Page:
The Invisible Poverty Of Other America By Peter Dreier

1386 WordsMar 3, 20176 Pages
Many notable wars have begun and ended without people taking time to truly understand them. It is the case that it is harder to understand something one has not experienced yet, and the war on poverty is not exempt from this. However, poverty has existed all throughout the history of mankind’s most notable societies, from the French revolution in 1789 which bloodied the halls of the Palace of Versailles to the Occupy Wall Street Movement in 2011 which reminded Americans that economic inequality is still prevalent. The Invisible Poverty of Other America by Peter Dreier, 7 Lies About Welfare by Danica Johnson, and Where to Sleep When You’re Homeless by an anonymous ex-homeless person, all give insight to the problems we’ve learned to turn a…show more content…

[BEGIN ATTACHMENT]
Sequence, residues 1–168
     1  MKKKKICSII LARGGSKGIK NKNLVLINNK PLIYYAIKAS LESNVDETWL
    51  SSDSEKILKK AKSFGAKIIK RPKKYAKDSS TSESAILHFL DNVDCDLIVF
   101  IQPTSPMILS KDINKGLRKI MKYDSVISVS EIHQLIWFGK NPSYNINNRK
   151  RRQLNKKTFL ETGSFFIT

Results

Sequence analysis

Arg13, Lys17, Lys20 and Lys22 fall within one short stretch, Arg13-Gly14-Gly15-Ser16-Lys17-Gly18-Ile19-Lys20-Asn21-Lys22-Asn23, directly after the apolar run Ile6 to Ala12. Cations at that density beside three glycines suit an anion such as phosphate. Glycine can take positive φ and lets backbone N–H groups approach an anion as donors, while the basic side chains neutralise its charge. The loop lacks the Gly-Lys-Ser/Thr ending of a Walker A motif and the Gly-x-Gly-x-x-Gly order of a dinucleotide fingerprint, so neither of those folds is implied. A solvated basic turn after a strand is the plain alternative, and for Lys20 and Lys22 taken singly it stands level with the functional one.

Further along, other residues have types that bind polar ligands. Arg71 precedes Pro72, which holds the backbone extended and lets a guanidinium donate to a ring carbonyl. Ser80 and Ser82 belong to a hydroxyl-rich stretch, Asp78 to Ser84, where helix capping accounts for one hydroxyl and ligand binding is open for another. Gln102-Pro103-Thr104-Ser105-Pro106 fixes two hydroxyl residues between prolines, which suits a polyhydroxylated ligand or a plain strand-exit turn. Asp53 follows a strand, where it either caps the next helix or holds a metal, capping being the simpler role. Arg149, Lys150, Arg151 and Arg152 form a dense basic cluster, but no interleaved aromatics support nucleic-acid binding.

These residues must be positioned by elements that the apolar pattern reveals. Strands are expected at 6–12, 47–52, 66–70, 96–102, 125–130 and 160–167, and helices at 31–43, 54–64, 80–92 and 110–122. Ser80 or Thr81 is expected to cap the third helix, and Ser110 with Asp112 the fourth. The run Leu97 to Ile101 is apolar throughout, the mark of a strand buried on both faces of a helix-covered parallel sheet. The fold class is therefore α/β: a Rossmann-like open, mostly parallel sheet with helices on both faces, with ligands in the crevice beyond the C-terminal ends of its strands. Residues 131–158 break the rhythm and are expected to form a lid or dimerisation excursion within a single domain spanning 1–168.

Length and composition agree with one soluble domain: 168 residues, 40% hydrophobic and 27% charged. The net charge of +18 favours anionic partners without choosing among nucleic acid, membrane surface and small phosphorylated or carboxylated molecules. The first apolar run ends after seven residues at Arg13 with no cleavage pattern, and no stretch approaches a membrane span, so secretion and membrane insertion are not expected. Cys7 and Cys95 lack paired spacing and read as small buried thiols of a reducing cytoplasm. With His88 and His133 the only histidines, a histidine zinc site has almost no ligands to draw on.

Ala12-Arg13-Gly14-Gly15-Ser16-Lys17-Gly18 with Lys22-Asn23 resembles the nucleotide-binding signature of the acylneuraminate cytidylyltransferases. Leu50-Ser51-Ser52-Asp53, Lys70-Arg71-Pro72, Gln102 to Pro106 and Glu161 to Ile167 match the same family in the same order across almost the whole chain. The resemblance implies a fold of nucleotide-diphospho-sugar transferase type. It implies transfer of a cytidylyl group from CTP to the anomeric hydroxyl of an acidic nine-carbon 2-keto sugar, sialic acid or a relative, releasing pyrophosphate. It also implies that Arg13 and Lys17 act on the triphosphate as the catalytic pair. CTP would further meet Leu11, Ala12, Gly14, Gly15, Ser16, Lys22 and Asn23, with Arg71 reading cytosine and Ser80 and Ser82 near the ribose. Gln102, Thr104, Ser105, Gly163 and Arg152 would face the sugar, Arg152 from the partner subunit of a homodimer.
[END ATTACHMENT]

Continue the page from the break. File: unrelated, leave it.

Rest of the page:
If we do not expect nothing in return except for our fellow man to have what he needs to make it in life, we will in turn receive more productive members of society, we will receive less starving, freezing, lonely people on the streets, and we will receive compassion if we ever end up there too. Perhaps another roadblock put in front of us, as explained in 7 Lies About Welfare by Danica Johnson, is the stigma people give to those of us who are less fortunate. When someone thinks of a person in poverty they think of homelessness at worst, living in subsidized housing at best. They don’t consider that it is not always like that. Some live in their own places and out of all the help provided, maybe they only need to use food stamps. Danica tells how most people do not even know what “welfare” even is, they just think of lazy individuals trying to cash in taxpayer money for luxury items and drugs. They don’t know what their tax dollars go toward, how much of it, and what the programs even do. In fact, most government assisted programs seek to provide only the bare minimum amount of help that an individual or a family need to survive. Also to be noted, most benefit programs require recipients to work at least 30 hours a week in order to be eligible. Sometimes even between 35-50 hours a week for two parent households. In addition, July 2014 Texas began drug testing their welfare applicants

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